June 03, 2004

Getter-based injection

Alright, I'm just back from vacation (report will be posted soon) and I have been following the reactions to my classification of getter injections with a lot of interest.  Just for memory, here it is again:

  1. Force the dependency to be passed to the constructor (not always possible and very invasive).
  2. Have the container invoke a setter, or set a field on your class (mildly intrusive since it forces you to specify a setter or a field you will never use yourself).
  3. Have the container provide the getter (not intrusive at all, except that now, you need the container for your application, which makes out-of-container testing problematic).

It looked like we had reached a stalemate:  option 3 looks like the best of both worlds except that it mandates the presence of the container, which is bad news for testability and brings us back to square one.

And then, Bob Lee came up to me and said "Why does the getter need to be abstract again?".  And he proceeded to put together a quick proof of concept, which has been discussed on TheServerSide since then.

It was one of these "doh!" moments.  Of course, the getter doesn't need to be abstract, but I guess my EJB bias made me overlook this fact.  Bob is right, there is absolutely no need for this getter to be abstract, and now we have an answer for all these Test-Driven Development weeni^H^H^H^H^H (sorry, had a Hani moment) advocates:  not only does getter injection work well with TDD, it makes TDD a first class citizen.

In the absence of a container, your class is testable right out of the box.  All you need to do is provide a default implementation for your getter that will work in your testing environment.  And if you run your code in a container, the getter will be overridden with a different value for production or staging.

How is that for the best of both worlds?

Posted by cedric at June 3, 2004 08:49 AM
Comments

We keep on hearing KISS and DRY bandied about. What is Dependency Injection getting us that factories don't provide?

All this talk about lightweight and "you don't need a container" when there are all these restrictions/prerequisites on class definitions to hook into whatever IOC container is being used(Constructor,setter, getter or container classes) just to placate TDD garbage seems pretty "heavyweight". We're just trading one pattern for another.

Posted by: Frank Bolander at June 3, 2004 10:33 AM

What is Dependency Injection getting us that factories don't provide?

IoC/Dependency Injection is simply a slightly cleaner approach than factories. You don't repeat the same lookup and cast code over and over. You don't have a dependency on the factory API; another developer can take my component and reuse it sans coding changes and not have to also take my factory and configuration method. With a factory, the dependency lookups are part of the implementation. With IoC, they become part of the interface, so others can see exactly what services my component depend on by simply looking at the Javadocs.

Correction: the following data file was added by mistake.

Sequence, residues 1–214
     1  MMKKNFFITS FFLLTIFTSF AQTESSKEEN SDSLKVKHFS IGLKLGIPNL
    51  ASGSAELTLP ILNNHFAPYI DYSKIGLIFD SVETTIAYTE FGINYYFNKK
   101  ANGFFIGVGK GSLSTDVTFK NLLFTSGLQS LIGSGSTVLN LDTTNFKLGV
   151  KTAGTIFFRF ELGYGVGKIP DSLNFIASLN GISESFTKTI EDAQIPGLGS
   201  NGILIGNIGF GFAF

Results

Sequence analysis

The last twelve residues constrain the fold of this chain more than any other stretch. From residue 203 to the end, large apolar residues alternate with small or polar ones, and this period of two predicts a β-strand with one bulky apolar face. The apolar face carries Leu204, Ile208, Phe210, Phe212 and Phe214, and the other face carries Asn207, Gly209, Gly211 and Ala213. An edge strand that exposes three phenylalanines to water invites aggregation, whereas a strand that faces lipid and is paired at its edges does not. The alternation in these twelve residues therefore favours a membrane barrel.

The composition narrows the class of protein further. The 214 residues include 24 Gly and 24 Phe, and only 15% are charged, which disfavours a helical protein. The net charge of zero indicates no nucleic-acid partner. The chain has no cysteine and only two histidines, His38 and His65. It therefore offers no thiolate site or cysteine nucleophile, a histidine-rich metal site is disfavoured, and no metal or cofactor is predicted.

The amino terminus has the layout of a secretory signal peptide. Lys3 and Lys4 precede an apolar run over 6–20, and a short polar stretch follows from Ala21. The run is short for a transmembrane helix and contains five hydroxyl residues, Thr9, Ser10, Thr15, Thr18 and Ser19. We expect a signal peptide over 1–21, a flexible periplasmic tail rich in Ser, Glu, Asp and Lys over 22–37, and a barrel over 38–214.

Posted by: Bob Lee at June 3, 2004 11:15 AM

It is not the best of both worlds. You skim over the most important detail for testing: "All you need to do is provide a default implementation for your getter..." That default implementation will be performed by either #1 (in the constructor) or #2 (in setters). So now you have re-implemented the exact environment you were trying to avoid plus you have ensured that your tests don't accurately reflect how the classes will behave in their container. I would have to say that it is the worst of both worlds.

Posted by: David L Kinney at June 3, 2004 05:59 PM

The getter should remain abstract since it's cleaner. I don't think that providing an implementation for a method whereas you perfectly know that method has to be overriden is a good design.
But even though the getter is abstract, nothing prevents you from writing a test class that extends your class and that provides an implementation for the getter.

Posted by: benb at June 3, 2004 10:47 PM

To Bob: Amen. Three times. Since using IOC I have cleaner code, I forgot about all those factory.createThing() and Singletons. My code looks cleaner and did I mention thac code metrics get close to perfection ? :-)

Posted by: Dorel at June 4, 2004 12:18 AM

I don't think its best of both worlds either. While unit testing my component I typically use mocks for dependencies and with this approach that seems quite ugly. A subclass that implements the abstract getter seems like a better alternative.

Posted by: Harish Krishnaswamy at June 4, 2004 06:31 AM

Dorel,

You are still dependent on a container unless you provide implementations or mocks. How is Girl.getKissable() not a factory method from a factory object(Girl). I like the cleaner semantics Bob mentions but it's still a Factory Object. It's doing a createThing().

Yes, the inclusion of a container makes code metrics cleaner because it abstracts a lot of coding redundancies but now I have a runtime framework dependency to deal with(and sell to operational support) and I'm moving code from one place to another either in a config file or a bootstrap class.

Posted by: Frank Bolander at June 4, 2004 11:41 AM
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